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Welcome to the Lord Crewe
The surrounding area is undoubtedly one of historical significance and romance. From the changing moods of the dramatic coastline to the rolling views of the Cheviot Hills the region is as diverse as it is unspoilt.
Bamburgh, once the seat of St. Oswald, King of Northumbria, has played many roles throughout history. From its hand in helping establish Christianity in England, aiding the nearby Lindisfarne Monastery, to being the home of the renowned heroine Grace Darling, who, with her father, rowed to the rescue of nine sailors in 1838.
A little further north lies Lindisfarne itself, accessible by a causeway that only becomes apparent when the sea
recedes each day. A popular tourist destination in the summer, the island's ruined Monastery is a must visit when
in the region.
Joining the A1 from Lindisfarne will lead to Berwick upon Tweed - England's most northerly town. As a town Berwick has changed hands between the English and Scots no less than fourteen times! The town finally became an English town for good - or so it seems - in 1482. The warring past of the town brought about many unique features, of these the Elizabethan walls are the most prominent, so much so that they have been described as amongst the best in Europe!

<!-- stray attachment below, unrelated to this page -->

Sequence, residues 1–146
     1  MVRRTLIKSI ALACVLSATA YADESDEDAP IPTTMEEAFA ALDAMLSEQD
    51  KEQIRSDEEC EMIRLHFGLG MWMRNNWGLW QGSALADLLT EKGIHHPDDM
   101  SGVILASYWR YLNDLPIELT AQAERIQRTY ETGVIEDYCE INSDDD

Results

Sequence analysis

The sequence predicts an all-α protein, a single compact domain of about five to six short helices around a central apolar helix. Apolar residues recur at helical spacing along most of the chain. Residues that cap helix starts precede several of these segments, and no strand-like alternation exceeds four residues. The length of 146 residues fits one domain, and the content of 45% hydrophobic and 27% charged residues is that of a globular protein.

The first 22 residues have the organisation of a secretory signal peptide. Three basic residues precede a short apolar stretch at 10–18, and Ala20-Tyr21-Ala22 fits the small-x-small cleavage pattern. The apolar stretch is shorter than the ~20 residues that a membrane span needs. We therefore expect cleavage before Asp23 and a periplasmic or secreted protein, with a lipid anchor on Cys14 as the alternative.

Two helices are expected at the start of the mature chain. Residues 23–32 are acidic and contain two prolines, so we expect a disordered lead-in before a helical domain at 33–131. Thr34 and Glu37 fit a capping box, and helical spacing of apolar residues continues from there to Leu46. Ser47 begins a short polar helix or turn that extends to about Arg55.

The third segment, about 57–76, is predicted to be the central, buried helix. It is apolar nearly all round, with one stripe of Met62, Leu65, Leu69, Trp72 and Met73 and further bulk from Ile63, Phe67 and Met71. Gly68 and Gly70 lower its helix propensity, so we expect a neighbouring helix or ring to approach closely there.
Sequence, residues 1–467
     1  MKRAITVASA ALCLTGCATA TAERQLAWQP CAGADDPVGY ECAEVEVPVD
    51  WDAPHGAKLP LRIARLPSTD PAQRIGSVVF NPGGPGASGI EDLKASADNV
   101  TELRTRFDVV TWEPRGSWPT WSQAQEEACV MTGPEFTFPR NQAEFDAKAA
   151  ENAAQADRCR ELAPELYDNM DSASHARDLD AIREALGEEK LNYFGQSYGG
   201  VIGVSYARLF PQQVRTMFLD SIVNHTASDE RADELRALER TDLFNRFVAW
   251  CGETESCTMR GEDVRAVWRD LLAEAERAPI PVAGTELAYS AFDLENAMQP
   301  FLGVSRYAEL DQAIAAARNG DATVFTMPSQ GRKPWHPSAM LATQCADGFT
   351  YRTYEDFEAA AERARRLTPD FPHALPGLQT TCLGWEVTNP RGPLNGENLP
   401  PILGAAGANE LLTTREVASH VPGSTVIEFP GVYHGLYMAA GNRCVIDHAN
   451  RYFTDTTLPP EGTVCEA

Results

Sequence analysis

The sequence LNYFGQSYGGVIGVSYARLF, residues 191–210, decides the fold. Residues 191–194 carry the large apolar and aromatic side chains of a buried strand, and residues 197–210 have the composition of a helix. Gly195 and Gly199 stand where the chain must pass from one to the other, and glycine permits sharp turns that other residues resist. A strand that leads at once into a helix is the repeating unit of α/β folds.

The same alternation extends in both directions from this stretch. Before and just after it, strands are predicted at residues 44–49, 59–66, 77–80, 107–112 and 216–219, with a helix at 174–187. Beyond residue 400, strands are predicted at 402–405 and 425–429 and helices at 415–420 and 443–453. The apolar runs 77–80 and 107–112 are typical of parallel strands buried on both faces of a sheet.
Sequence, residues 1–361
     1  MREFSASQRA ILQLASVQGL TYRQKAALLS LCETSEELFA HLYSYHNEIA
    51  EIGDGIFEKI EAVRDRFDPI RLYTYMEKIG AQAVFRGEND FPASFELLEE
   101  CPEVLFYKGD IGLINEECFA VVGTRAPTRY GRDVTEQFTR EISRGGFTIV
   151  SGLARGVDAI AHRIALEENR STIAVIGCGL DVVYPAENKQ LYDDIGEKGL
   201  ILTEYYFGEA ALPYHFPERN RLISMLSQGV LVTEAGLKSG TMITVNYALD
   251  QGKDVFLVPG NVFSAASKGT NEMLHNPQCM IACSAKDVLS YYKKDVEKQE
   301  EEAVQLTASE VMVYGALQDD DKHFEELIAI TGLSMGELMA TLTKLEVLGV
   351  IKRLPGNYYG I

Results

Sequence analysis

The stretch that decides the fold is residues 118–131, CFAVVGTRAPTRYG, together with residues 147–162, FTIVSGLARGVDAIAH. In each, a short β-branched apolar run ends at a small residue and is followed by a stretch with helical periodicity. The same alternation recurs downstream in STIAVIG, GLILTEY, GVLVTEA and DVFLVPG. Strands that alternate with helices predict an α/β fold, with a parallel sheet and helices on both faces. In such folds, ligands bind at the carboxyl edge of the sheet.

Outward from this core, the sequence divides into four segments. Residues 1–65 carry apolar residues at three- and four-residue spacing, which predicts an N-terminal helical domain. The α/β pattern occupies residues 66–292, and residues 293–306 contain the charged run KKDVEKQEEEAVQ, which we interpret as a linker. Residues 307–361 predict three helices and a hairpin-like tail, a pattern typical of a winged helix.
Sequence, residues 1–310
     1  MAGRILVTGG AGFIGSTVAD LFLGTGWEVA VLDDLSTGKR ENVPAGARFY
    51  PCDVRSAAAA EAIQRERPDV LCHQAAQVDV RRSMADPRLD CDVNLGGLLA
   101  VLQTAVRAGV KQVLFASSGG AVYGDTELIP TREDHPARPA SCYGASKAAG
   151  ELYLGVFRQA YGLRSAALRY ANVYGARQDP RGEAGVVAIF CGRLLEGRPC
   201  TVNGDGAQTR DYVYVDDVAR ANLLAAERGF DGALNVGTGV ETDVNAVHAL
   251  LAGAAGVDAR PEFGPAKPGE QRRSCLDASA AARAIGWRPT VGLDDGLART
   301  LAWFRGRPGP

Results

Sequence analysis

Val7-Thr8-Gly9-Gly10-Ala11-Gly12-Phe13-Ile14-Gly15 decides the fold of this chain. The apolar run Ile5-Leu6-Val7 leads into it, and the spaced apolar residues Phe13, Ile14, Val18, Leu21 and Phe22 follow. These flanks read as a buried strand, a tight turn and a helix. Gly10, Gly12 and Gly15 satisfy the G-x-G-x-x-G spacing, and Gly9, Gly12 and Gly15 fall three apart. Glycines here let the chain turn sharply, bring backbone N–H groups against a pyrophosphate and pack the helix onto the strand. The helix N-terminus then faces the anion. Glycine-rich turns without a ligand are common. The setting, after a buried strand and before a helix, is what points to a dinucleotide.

Inland, and a short distance to the south, is Northumberland's traditional county town of Alnwick. Home to the Duke and
Duchess of Northumberland this gated town is full of rich history, if a little less bloody than Berwick! Not only does
Alnwick have its magnificent gardens but also a dominating castle. Indeed, the film producers of "Harry Potter" films
used the castle as a location!
The area surrounding Bamburgh is unrivalled in its diversity of historical attractions, from the Cheviot HIlls, to the former frontier town of Berwick upon Tweed you can be sure to take away some fabulous memories of your stay.